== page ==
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REMARKS ON THE 4OTH ANNIVERSARY OF CYPRUS' INDEPENDENCE
2002-01-27 02:21:24

REMARKS OF THE AMBASSADOR OF CYPRUS TO THE UNITED STATES,
MRS ERATO KOZAKOU-MARCOULLIS
ON THE 40TH ANNIVERSARY OF THE INDEPENDENCE OF CYPRUS OCTOBER 1, 2000


It is with great pleasure that I welcome all of you this evening to our celebration of the 40 years of Cyprus' Independence.

For a country with a 9000 years of history and civilization, forty years are just a tiny fragment of that long historic passage, yet the only period of self rule and independence. During the rest of its millennial existence Cyprus was under the sovereignty or occupation and rule of other powers, which were prevalent at the time in the area and the world. So, you will agree with me, that this anniversary of freedom for the people of Cyprus is worth celebrating!!!

Cyprus emerged from the British Colonial rule in 1960 as an underdeveloped country. Today, as a sovereign nation, Member of the International Community, Cyprus has a most successful economic performance, with a modern economy, with dynamic services, industrial and agricultural sectors, a very advanced and high quality infrastructure and a per capita income of $15,000, placing her among the high income developed economies.

These achievements truly represent an economic miracle, bearing in mind the devastating effects on the economy as a result of the 1974 Turkish invasion and the occupation of 37 percent of the country.

I am talking, of course, about the forcible division of our country, which has caused so much pain and suffering to the people of Cyprus for the past 26 years.

Despite the continuation of such a longstanding problem, Cyprus has always cooperated in all efforts to find a peaceful solution that would reunify the island and the people and would make Cyprus a prosperous home for both communities.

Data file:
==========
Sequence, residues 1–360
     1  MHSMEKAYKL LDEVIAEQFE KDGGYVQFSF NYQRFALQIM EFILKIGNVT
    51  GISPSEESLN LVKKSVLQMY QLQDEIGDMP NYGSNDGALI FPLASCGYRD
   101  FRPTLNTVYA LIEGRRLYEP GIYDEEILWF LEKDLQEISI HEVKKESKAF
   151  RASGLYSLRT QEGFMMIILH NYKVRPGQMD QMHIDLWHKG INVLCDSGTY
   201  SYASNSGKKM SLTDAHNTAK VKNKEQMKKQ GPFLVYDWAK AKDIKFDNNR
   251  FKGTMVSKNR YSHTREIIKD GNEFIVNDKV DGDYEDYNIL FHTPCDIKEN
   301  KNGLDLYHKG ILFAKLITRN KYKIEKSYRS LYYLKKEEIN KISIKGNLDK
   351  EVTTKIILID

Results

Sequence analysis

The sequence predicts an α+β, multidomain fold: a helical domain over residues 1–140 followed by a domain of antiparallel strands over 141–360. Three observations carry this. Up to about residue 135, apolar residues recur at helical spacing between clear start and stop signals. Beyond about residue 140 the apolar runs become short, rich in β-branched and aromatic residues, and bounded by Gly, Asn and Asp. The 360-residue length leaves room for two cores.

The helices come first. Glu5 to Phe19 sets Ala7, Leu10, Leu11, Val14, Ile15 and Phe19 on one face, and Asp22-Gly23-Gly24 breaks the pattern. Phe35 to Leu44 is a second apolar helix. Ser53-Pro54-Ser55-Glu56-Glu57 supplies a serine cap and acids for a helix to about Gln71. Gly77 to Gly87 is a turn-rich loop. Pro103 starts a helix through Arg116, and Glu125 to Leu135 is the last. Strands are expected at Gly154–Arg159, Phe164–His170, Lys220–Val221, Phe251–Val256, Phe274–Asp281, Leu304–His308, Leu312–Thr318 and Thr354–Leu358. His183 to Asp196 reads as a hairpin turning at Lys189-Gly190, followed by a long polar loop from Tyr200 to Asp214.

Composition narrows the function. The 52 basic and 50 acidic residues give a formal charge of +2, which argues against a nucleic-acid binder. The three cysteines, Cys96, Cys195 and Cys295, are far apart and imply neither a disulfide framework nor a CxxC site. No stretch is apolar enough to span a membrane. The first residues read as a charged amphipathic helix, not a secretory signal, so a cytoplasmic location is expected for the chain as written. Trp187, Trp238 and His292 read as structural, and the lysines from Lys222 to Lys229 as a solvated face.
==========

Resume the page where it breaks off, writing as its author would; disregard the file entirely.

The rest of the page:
Unfortunately, the other side has not shown the same political will for a solution. For them, the status quo of the forcible division of the country and the people is the solution. They demand the acceptance of so-called new realities, which are none else than the occupation, the ethnic separation, the importation of settlers, the continuation of the agony of the relatives of the missing, the destruction of our civilization. Such realities we have never and we shall never accept.

Our goal and our top priority is the reunification of our country and our people. We have done everything in our power to reach this fundamental objective. We have committed ourselves to fully cooperating with the United Nations and all others engaged in the effort to reach the objective of the establishment of a federation, on the basis of Security Council resolutions.

With that goal in mind, the government of Cyprus submitted an application for membership to the European Union in 1990, being convinced that the EU process would act as a catalyst for the reunification of the country and people and that membership itself would bring about a better, a more prosperous Cyprus for our children, a whole and free Cyprus, ready to face the challenges of the new century and the new millennium.

During the past ten years we have seen a dramatic transformation of the international political climate with democratization on a larger scale, the reunification of Germany whose 10th anniversary was celebrated yesterday and many intensified peace efforts that brought positive developments in many parts of the world.

This new climate that has emerged and continues into the 21st century and the 3rd Millennium, makes us feel optimistic that it is inevitable for Cyprus to be affected by these important changes. Because it would be unthinkable to contemplate that Cyprus would remain the only exception in the world of a country whose people should remain forcibly separated because they have a different religion and they speak a different language.

To achieve the goal of reunification we need the active support of the international community and particularly of the United States of America, whose strategic interests would also be served from a solution of the Cyprus problem, so that peace and stability would prevail on the island and the entire region of the Eastern Mediterranean.

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